I made a cake for a fundraiser for SunDragon Martial Arts studio where my daughter takes karate lessons. It’s a wonderful dojo in south Austin with a self-defense focus and a very female-positive attitude. I highly recommend it and was honoured to make them a cake!
I made six batches total of this Beat and Bake Orange Cake, but with an extra 1/4 cup of milk added to each. I still think it ended up a little too dry, but the flavour was good. I also added significantly more zest than called for, plus a few drops of orange oil. I also used my standard buttercream recipe (based on Carol Deacon’s recipe from her books) with zest added, since the recipe that comes with this cake is far too sweet for my tastes.
The fondant used was Satin Ice since I had some leftover from the kid’s table at the Austin cake show. Thank you to Satin Ice for donating it to the show: it went to yet another good non-profit cause!
The cake was designed in five layers because Seido karate has five belt colours and five words in their code of ethics. Of course I was halfway finished the cake when I realized it’s five colours plus beginner white! So I suddenly had to adapt my design and put the black belt on top. I mean…I meant to do that. Yes.
I covered the bottom in black (or rather purple with Americolor Super Black added since I didn’t have any black on hand), then the second up in red, then orange, and then the top two in yellow. I then airbrushed them all to give them a gradient look to match the dojo’s sun-style logos.
Next I rolled out belts and wrapped them around, including faux knots. I deliberately made the white belt knot untidy because it seems that new students never can get their belts right. For the others, I tied my daughter’s belt around a chair properly so I could examine the knot. Always look to reality if you can when trying to replicate it!
Then I made the figure, building her directly onto the black belt on top, which is unusual for me. Usually I make them separately but I was worried about getting the legs and feet right if I did her on a hard surface. I rolled her legs separately and joined them at the hips rather than my usual method because I wanted them to look like loose, round pants more than usual, and I knew her jacket would cover any seam at the torso. I formed her chest using a foil ball and toothpicks going up for the head and down to anchor the body. I also used a body mold instead of my usual human figure printout because I wanted to match the size to the face on that mold. I’d only used the mold for gummy before (more on that coming soon) and wanted to try it with fondant. It stuck too much for actually molding the limbs, but it worked okay for the face. However, I used sculpting tools to soften the face and adjust the expression.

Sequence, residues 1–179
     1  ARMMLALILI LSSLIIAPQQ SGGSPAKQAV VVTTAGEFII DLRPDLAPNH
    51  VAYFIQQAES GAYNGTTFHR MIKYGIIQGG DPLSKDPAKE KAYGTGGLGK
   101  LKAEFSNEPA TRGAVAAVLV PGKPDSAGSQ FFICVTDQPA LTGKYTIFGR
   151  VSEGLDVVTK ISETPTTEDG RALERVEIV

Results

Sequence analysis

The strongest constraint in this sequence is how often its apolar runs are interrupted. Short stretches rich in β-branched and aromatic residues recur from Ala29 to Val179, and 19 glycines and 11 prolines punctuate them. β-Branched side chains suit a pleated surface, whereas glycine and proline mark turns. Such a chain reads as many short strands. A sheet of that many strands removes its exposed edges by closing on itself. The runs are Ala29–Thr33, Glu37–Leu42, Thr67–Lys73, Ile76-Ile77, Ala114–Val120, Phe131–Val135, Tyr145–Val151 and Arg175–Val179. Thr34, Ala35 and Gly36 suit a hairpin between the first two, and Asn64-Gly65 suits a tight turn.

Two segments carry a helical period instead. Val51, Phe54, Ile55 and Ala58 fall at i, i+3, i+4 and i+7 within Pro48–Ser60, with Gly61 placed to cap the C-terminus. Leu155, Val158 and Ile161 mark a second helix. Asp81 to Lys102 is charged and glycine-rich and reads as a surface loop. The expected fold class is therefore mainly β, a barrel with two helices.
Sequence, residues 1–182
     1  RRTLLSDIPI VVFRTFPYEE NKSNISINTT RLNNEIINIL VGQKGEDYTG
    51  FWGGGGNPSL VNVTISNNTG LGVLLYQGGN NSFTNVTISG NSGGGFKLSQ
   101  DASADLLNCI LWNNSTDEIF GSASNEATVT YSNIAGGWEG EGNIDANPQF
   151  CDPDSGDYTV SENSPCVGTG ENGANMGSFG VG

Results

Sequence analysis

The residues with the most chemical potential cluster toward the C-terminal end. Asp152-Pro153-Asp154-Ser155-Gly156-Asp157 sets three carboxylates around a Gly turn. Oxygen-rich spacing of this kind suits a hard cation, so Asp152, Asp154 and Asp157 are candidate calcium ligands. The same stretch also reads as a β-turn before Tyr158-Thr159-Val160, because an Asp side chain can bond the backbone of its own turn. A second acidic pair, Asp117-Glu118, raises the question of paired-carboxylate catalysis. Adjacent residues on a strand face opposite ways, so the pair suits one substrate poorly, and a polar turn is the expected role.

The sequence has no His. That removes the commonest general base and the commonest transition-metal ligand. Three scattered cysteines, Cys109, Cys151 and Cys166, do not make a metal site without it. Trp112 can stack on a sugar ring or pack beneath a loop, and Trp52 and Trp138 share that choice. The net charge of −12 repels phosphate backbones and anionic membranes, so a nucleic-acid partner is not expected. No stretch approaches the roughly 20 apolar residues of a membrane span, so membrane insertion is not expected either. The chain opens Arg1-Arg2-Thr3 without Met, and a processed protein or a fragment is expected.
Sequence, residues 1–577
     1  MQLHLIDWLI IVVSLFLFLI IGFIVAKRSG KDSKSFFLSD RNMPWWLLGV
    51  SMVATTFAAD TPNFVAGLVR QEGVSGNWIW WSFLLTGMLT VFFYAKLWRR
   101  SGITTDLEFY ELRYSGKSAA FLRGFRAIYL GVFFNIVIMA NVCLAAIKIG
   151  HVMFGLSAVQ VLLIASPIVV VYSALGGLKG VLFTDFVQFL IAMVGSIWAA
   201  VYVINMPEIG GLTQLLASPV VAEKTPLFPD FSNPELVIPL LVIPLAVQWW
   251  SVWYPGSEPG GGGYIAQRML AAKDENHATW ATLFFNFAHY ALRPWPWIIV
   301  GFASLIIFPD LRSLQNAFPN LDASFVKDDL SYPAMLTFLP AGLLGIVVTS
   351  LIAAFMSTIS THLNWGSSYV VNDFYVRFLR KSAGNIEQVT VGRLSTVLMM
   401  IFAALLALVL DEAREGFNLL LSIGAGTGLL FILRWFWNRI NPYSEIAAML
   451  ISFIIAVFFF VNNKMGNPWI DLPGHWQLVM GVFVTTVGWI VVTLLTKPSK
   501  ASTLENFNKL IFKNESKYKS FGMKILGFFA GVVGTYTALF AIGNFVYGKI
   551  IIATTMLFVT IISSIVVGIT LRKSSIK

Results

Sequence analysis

I rolled out very thin bits of fondant for the jacket in pieces more or less matching my daughter’s, based on where the seams were. Then I hid the torn part with a belt, used a pounce wheel to mark some seam lines, added arms, feet, hair, and painted-on details. The insignia are loosely based on my daughter’s jacket, but changed slightly for being teeny tiny. The hair was deliberately done in messy chunks with added tendrils to look like she’s just had a workout. I didn’t intend originally for her to come out with such a butt-kicking expression, but there you have it! The dojo’s motto is “I Fight Like a Girl” so it’s apropos.
Once the figure was done, I rolled out some yellow fondant, sprayed it quickly with my dwindling supply of Wilton Color Mist in red (I’m letting the stuff run out now that I have an airbrush which is far superior…I’ve been meaning to do a review of the Color Mist for some time which boils down to meh: it works in a pinch but smells awful and leaves a chemical taste on cookies), and then used the small Wilton alphabet cutters to cut out the letters for the five words in the Seido karate code of ethics. I would have preferred to arrange them with the smallest at the top going down to the largest on the bottom, but I let my daughter choose the order.
Lastly, I printed out two copies of the dojo’s logo to the size I wanted, cut out the red pieces from one copy and the yellow from another, and trace-cut those out of thinly rolled fondant. I had pre-determined where I wanted pieces to fit or to bend so it was easy-peasy to fashion them and fix them in place. Then I cut out the letters for the dojo’s name and voila, done!
The cake was served at a fundraiser party, and surrounded by small children the entire time who couldn’t keep their eyes off and some could barely keep their hands off as well. Once it was cut, I let some of them poke at the chunks of fondant that were no longer needed.